It’s widely thought that the key to success from sports betting is to beat the closing line value (CLV).
Right up to before the games start, sportsbooks will adjust their lines based on where the money is going and new information that could affect the result of that game.
But how important is it really to bet closing value to be a long-term, profitable sports bettor?
We decided to ask sports betting experts to share their thoughts on the matter to put this issue to rest.
Read on to find out what they think.
Andrew Mack, Professional Sports Bettor
CLV is the best way to the assess plausibility of future returns with smallest sample size.
Tom Buckland, Founder Of Ghost Betting
CLV is a great indicator if you are an early bettor into the market, hitting the opening lines or mid-morning odds.
The problem I have with those is we bet 1 hour before the game.
A key ingredient of our overall capping approach is analyzing how the market moves and using those signals into an analysis.
An hour before the game is the highest limits, so although the lines are a lot sharper, any definitive edge that’s seen is easier to lay a large amount of money on.
Also, CLV does have some pitfalls in regards to late news, injuries, etc.
If you had a negative 10% closing line value, that might ruin the 4 others that have all been beaten by 2% consistently.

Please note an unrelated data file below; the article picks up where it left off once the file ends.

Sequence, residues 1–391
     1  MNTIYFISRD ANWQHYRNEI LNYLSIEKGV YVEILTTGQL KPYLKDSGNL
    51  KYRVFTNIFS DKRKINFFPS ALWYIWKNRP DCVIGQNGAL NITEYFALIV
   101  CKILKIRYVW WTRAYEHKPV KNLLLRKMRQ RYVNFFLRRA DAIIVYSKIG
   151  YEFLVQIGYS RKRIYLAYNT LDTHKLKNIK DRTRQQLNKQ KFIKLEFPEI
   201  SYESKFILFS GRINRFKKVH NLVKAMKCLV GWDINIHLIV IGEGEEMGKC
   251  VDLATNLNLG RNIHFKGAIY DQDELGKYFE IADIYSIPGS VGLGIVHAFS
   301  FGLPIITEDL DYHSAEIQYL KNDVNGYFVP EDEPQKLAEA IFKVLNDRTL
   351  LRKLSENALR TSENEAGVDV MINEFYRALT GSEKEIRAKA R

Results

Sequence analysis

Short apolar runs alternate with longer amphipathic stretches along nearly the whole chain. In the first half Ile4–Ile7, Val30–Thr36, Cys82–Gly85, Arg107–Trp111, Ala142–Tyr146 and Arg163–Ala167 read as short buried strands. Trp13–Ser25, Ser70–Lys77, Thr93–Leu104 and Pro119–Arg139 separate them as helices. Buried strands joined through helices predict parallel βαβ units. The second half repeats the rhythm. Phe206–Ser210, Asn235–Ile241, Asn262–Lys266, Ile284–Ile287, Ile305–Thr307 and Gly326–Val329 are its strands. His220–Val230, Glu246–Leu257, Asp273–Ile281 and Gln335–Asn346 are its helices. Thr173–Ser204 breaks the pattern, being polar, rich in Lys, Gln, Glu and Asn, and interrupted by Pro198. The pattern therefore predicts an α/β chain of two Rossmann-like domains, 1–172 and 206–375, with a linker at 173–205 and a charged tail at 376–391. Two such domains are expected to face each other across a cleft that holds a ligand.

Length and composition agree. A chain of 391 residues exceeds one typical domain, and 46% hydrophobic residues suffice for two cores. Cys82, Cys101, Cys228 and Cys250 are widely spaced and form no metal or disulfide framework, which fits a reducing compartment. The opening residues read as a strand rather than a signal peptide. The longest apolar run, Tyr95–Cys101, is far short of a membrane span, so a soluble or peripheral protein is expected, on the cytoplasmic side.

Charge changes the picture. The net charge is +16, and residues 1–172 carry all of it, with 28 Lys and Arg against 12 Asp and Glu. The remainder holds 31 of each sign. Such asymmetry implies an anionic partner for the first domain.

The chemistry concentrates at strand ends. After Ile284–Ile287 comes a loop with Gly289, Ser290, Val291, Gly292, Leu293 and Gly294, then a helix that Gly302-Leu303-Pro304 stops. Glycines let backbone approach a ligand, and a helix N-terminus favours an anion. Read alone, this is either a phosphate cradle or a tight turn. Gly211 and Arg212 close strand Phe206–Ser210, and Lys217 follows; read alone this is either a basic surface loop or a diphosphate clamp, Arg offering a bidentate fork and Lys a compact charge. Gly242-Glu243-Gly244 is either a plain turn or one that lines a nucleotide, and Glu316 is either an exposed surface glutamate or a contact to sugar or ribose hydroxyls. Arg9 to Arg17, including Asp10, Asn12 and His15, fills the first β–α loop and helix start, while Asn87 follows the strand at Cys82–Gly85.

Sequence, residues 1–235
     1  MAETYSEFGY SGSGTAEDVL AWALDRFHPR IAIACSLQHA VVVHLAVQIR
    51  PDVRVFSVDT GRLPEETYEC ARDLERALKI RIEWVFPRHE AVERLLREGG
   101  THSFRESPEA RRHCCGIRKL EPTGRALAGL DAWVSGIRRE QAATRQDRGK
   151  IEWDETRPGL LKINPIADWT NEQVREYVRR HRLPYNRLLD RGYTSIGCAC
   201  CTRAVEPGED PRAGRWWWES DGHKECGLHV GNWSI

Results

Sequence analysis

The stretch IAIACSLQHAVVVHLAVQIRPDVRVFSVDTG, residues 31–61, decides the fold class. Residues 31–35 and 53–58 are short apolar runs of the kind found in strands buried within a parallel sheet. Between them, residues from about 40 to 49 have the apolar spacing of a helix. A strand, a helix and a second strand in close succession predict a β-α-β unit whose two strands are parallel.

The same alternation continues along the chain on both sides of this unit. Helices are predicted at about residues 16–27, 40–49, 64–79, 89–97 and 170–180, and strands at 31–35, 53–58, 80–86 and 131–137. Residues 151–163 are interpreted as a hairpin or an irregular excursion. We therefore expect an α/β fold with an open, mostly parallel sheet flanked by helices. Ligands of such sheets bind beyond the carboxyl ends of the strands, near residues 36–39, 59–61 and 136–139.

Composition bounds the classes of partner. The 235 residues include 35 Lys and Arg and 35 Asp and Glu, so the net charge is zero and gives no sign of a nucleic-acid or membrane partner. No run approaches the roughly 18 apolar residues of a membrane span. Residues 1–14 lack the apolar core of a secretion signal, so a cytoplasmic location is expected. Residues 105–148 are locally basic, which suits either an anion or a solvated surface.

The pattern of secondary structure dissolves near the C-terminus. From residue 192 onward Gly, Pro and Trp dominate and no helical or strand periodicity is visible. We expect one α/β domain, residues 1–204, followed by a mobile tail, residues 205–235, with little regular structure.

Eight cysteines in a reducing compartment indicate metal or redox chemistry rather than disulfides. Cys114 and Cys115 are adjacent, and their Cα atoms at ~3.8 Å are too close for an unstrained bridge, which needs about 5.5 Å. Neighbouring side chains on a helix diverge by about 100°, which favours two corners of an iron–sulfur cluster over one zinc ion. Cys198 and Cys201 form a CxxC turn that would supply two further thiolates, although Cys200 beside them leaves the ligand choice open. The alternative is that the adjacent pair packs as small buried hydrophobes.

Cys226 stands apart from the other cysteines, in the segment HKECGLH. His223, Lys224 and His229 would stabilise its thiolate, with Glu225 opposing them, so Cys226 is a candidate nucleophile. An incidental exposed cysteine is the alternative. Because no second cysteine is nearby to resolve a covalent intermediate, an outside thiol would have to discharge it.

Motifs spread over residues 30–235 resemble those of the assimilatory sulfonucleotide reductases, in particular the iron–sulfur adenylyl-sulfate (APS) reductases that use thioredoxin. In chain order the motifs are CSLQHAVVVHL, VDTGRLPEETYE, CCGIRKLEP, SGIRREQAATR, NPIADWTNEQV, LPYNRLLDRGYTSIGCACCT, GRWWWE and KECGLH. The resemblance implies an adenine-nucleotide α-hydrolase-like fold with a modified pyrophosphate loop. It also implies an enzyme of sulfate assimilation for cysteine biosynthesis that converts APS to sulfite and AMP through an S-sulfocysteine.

CLV is a good indicator for early line bettors, but I still believe game state and pace are better if you have time to analyze each individual event after the fact, regardless of what actually happened to the resulting bet.
Aidan O’Sullivan, Communications Manager With Matchbook
Following a brutal stretch in the NFL season of being ahead of some key line moves but ultimately succumbing to some tough beats I was beginning to have my doubts about the value of CLV.
I wasn’t long putting aside my recency bias on this as Closing Line Value in the long run very much does matter.
The sport I most regularly bet on season-long is rugby union so I’ll briefly speak to that.
As rugby is more of a top 10 sport (if that) than a top dog for operators it’s generally one or two sportsbooks who will set the early lines (for low limits of course) and the remainder follow this cursor while maybe taking a slight opinion, either way, a half a point here or there.
Getting on early for a line that you’re confident will move is crucial as is being comfortable that you’re on a key number.
Betting Northampton -6.5 at home to Leicester on a Wednesday as opposed to taking them -7.5 on Saturday morning is far more than being just a point off given the key number of 7 being in play.
Totals wise, a good example was recently in England’s trip to Murrayfield.
Opened at 39.5 (Friday morning) it was quickly bet down under a key number of 37 prior to kickoff and while the under was never in doubt, chasing a number after it has moved will ultimately never pay.
Balazs Pal, Professional Sports Bettor
While I do believe that CLV is not almighty, it certainly shows if a bettor is on the right track, especially in major sports.
In my experience, the NFL and the NBA are the most effective major league markets.
If you don’t beat the closing line in these two sports the majority of the time, then you will probably suffer in the long run.